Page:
Faylita Hicks is a poet, essayist, and interdisciplinary artist born in Gardena, CA, and raised in Central Texas.  Their work has been featured in Adroit, American Poetry Review, The Cincinnati Review, F(r)iction, HuffPost, Kenyon Review, Longreads, Palette Poetry, Poetry Magazine, The Rumpus, Slate, Texas Observer, Texas Monthly, VIDA Review, and others.

Oakland native James Cagney is the author of Black Steel Magnolias in the Hour of Chaos Theory, winner of the PEN Oakland 2019 Josephine Miles award. His poems have appeared in Poetry Daily, The Maynard, and Civil Liberties United, among other journals. To buy his book, visit, and to read more of his writing, go to

Tune in if you can!  The Zoom link is

Rivertown Poets
Founder and Director of Rivertown Poets, Sandra Anfang will be reading on Monday, December 7, 6:15 p.m. with Casey FitzSimons and Johanna Ely. The program includes an Open Mic Reading (3 minutes per reader). Join the meeting at: or just show up at Click on “Weekly Poetry Reading.” No password needed. 

SLAM 2020:
Teen Poetry Slam Saturday, December 12, 3:00-5:00 p.m. See County News for details.

Book Passage Presents Three Conversations with Authors:

  • Zeyn Joukhadar in conversation with Catherine Hernandez, Sunday, December 6, 4:00 p.m.
  • Jane Smiley in conversation with David Francis, Saturday, December 12, 4:00 p.m.
  • David Harris in conversation with Peter Coyote, Sunday, December 13, 4:00 p.m.

Phyllis MeshulamCheck out Phyllis Meshulam’s Poet Laureate Page
Consider contributing to Phyllis’s ongoing Poet Laureate Project. Phyllis is collecting poems for a county-wide anthology. You can see the current and past writing prompts/themes at this link: And if you have some poems you would like to share with her, please send as attached files, using this email:

Poem for December
One of my favorite local authors with an international audience is Kay Ryan, who served as US Poet Laureate 2010-2012. In one of her early collections, Elephant Rocks, she included a poem that I’ve thought of often. It speaks to the Nativity tradition, but also to the impulse to steal and claim for one’s own the labors or accomplishments of others. In this post-election limbo, the poem has even more meaning for me.
Kay Ryanby Kay Ryan
From the Greek for 
woven or plaited,
which quickly translated
to basket. Whence the verb
crib, which meant “to filch”
under cover of wicker
anything–some liquor,
a cutlet.
For we want to make off
with things that are not
our own. There is a pleasure
theft brings, a vitality
to the home.
Cribbed objects or answers
keep their guilty shimmer
forever, have you noticed?
Yet religions downplay this. 
Note, for instance, in our
annual rehearsals of innocence,
the substitution of manger for crib
as if we ever deserved that baby,
or thought we did.

@Kay Ryan,
Elephant Rocks, Grove Press, 1996


Terry Ehret,
Sonoma County Literary Update co-editor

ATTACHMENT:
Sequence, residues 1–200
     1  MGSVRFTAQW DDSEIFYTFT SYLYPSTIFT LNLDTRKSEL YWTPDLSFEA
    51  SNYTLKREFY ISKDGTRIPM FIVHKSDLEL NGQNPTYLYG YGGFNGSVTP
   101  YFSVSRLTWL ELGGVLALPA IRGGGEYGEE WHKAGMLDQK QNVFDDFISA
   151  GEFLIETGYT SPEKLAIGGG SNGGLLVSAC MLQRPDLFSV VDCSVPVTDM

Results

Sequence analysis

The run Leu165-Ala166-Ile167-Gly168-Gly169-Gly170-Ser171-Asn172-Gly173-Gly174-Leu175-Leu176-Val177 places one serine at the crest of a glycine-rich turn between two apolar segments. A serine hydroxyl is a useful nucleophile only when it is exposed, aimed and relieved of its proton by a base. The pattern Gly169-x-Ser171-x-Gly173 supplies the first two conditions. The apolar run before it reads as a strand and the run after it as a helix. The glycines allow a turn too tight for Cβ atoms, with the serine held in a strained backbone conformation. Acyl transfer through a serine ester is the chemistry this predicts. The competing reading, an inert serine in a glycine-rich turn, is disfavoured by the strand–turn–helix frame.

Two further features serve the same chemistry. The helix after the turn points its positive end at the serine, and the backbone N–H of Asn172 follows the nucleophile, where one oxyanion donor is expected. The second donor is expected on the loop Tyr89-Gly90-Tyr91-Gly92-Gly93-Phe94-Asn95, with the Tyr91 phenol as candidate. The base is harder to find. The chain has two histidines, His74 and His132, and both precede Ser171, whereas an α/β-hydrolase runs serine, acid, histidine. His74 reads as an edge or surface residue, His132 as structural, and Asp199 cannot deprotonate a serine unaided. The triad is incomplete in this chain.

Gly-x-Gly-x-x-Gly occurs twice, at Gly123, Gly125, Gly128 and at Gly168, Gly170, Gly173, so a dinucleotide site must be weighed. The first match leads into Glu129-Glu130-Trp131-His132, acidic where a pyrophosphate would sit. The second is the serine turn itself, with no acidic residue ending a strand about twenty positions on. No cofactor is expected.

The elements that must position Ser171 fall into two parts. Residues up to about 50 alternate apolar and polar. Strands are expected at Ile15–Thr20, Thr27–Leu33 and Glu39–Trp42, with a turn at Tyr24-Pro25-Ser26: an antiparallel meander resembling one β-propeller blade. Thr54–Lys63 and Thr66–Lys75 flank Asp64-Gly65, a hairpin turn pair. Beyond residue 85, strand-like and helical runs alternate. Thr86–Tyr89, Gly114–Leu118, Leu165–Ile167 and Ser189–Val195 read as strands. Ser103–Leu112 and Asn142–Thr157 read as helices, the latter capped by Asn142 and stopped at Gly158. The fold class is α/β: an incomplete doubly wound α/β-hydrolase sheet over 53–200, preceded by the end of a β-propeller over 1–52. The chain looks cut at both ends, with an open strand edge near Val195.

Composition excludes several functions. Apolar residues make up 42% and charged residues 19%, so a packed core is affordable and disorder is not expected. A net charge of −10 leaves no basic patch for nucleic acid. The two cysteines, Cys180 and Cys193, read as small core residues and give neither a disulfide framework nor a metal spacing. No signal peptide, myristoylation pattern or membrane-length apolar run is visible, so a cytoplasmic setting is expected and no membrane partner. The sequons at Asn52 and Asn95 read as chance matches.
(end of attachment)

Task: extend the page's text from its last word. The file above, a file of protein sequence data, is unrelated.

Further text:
Posted by: wordrunner | November 1, 2020

November 2020

Voting is preciousDear Literary Folk,

It’s been a long election season, and I suspect that many of you have already voted. Thank you! If you haven’t yet, please set aside time to make your voice heard. So much depends on the leadership we’ll have moving forward, though in reality, each of us leads through the work we do, the hope that motivates us, the vision we carry, and the lives we touch, whether we know it or not.

Remembering Diane Di Prima (1934-2020)
Diane di PrimaOn October 25, our literary community lost a great poet, Diane Di Prima.  Born and raised in Brooklyn, New York, Di Prima became part of Greenwich Village’s beat scene in the 1950s and 60s, publishing poetry, editing a newsletter The Floating Bear, co-founding the New York Poets Theatre, and later The Poet’s Press. She moved to California in 1968, lived for a time in Marshall, and settled in San Francisco where she taught at New College of California, California College of Arts and Crafts, San Francisco Art Institute, California Institute of Integral Studies, and Naropa University’s Jack Kerouac School of Disembodied Poetics in Boulder, Colorado,

Allen Ginsberg described di Prima as “a learned humorous bohemian, classically educated and twentieth-century radical, her writing, informed by Buddhist equanimity, is exemplary in imagist, political and mystical modes. … She broke barriers of race-class identity, delivered a major body of verse brilliant in its particularity” (

Di Prima authored more than thirty books of poetry, plays, short stories, novels, and nonfiction, including her eight-part feminist epic, Loba. She was named San Francisco’s Poet Laureate in 2009.
At the end of this post, I have included Di Prima’s poem “City Lights 1961.” Scroll down to the Poem for November to read.
Poetry of Remembrance/Poesía del Recuerdo
For more than 20 years, the Petaluma community has held an evening of poetry for Sonoma County and beyond to remember those we have lost. Since 2004, the Día de los Muertos Committee has included this event in its month-long celebration of the Day of the Dead. Many of you have been part of this annual event over the years, as featured readers and as part of the community reading.

Because of the current COVID pandemic and necessary restrictions on in-person gatherings, this event has had to take a virtual form. Part of this new form includes a website, created by John Johnson, with a history of the event, photos from past years, and current audio and video recordings of readings by current Sonoma County Poet Laureate Phyllis Meshulam, Jabez Churchill, Sande Anfang, and more.

On behalf of the Día de los Muertos Petaluma committee, John Johnson invites all of you to send a poem or other remembrance of a loved one, in text or audio or video, with or without photos, to the website Poetry of Remembrance/Poesía del Recuerdo.